StorypodTI: What is the most important thing that you’ve learned in the development and journey to bringing Storypod to market?

DB: When we started out with the project, we already suspected that screen exposure for young brains was not great, but we were surprised by the research we found.

JAMA Pediatrics, a peer-reviewed medical journal in the American Medical Association, found that more screen time means lower expressive language, less ability to rapidly name objects, and decreased literacy skills. They also discovered that more screen time causes physical changes to the brain — specifically, lower white matter integrity in the portion of the brain that directly impacts language and literacy skills. The American Academy of Pediatrics and World Health Organization recommend that kids under 18 months avoid all screen time aside from video chatting, and that kids under age 5 should be limited to 1 hour per day of high-quality programming.

This convinced us that the Storypod concept is needed in this screen-driven world. Imagination may just start with listening!

TI: What can families look forward to in the future for Storypod?

DB: On top of ever-growing access to more and more amazing original and licensed audio content, we have developed Storypod to be more than just a speaker.

We believe in its potential to be a new platform of audio-centric ‘edutainment’ paired with read-along books and additional devices such as smartpens, microphones for karaoke, voice modulation, self-recording, and much more.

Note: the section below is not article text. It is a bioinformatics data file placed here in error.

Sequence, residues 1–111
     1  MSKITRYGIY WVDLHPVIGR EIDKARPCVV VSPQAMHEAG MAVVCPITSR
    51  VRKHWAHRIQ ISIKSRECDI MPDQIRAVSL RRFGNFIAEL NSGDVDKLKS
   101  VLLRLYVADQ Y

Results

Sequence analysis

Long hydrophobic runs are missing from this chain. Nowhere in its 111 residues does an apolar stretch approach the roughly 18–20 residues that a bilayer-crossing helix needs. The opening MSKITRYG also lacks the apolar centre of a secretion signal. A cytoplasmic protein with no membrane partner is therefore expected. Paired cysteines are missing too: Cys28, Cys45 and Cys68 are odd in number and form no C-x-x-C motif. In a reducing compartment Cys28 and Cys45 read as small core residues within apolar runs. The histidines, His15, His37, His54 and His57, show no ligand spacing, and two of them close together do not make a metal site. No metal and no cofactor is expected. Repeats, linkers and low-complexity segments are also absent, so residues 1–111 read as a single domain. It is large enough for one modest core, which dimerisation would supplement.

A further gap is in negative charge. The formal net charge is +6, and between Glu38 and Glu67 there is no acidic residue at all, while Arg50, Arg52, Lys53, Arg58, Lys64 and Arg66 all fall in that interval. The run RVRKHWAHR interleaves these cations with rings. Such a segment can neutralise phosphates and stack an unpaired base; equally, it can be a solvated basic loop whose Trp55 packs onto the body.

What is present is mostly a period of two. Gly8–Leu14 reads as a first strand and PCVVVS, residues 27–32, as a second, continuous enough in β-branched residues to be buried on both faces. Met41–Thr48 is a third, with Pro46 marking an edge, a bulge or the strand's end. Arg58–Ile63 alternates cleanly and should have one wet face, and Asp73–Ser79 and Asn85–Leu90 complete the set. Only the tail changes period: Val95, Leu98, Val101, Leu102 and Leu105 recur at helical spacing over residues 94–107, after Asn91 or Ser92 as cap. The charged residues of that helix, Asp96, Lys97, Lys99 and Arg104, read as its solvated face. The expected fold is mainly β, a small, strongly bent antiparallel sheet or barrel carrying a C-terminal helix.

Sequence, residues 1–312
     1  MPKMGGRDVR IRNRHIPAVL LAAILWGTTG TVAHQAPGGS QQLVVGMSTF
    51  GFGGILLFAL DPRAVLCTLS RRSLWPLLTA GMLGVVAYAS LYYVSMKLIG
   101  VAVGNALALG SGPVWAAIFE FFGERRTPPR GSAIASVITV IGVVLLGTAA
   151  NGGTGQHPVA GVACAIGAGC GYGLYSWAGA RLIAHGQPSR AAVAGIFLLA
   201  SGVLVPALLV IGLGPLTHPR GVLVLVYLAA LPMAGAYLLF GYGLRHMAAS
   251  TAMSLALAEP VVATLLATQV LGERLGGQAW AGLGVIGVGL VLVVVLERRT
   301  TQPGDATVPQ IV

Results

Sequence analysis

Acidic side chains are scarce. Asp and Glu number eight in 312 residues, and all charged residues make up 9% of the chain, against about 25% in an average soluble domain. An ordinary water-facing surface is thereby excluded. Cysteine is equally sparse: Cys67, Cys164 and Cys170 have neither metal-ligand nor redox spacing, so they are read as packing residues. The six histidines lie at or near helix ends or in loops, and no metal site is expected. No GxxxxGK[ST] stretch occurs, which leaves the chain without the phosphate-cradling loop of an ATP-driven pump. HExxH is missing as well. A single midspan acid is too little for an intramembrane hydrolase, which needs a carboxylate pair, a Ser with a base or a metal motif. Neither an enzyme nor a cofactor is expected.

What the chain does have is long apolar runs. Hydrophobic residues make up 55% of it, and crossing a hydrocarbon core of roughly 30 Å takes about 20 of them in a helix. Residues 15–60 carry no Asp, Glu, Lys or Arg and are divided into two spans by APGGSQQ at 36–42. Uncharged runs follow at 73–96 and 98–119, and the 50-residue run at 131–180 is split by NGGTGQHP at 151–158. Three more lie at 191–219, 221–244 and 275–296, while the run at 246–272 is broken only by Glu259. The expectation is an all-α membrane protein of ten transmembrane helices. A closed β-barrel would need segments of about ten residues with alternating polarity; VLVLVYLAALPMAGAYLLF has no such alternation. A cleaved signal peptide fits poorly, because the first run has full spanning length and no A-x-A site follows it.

Early adopters can preorder Storypod at a 50% discount versus retail by backing the project on Kickstarter through August 30. Storypod will ship to families this fall.


About the author

James Zahn

James Zahn

James Zahn, AKA The Rock Father, is Editor-in-Chief of The Toy Book, a Senior Editor at The Toy Insider and The Pop Insider, and Editor of The Toy Report, The Toy Book‘s weekly industry newsletter. As a pop culture and toy industry expert, Zahn has appeared as a panelist and guest at events including Comic-Con International: San Diego (SDCC) Wizard World Chicago, and the ASTRA Marketplace & Academy. Zahn has more than 30 years of experience in the entertainment, retail, and publishing industries, and is frequently called upon to offer expert commentary for publications such as Forbes, Marketwatch, the Wall Street Journal, the New York Times, USA Today, Reuters, the Washington Post, and more. James has appeared on History Channel’s Modern Marvels, was interviewed by Larry King and Anderson Cooper, and has been seen on Yahoo! Finance, CNN, CNBC, FOX Business, NBC, ABC, CBS, WGN, The CW, and more. Zahn joined the Adventure Media & Events family in 2016, initially serving as a member of the Parent Advisory Board after penning articles for the Netflix Stream Team, Fandango Family, PBS KIDS, Sprout Parents (now Universal Kids), PopSugar, and Chicago Parent. He eventually joined the company full time as a Senior Editor and moved up the ranks to Deputy Editor and Editor-in-Chief.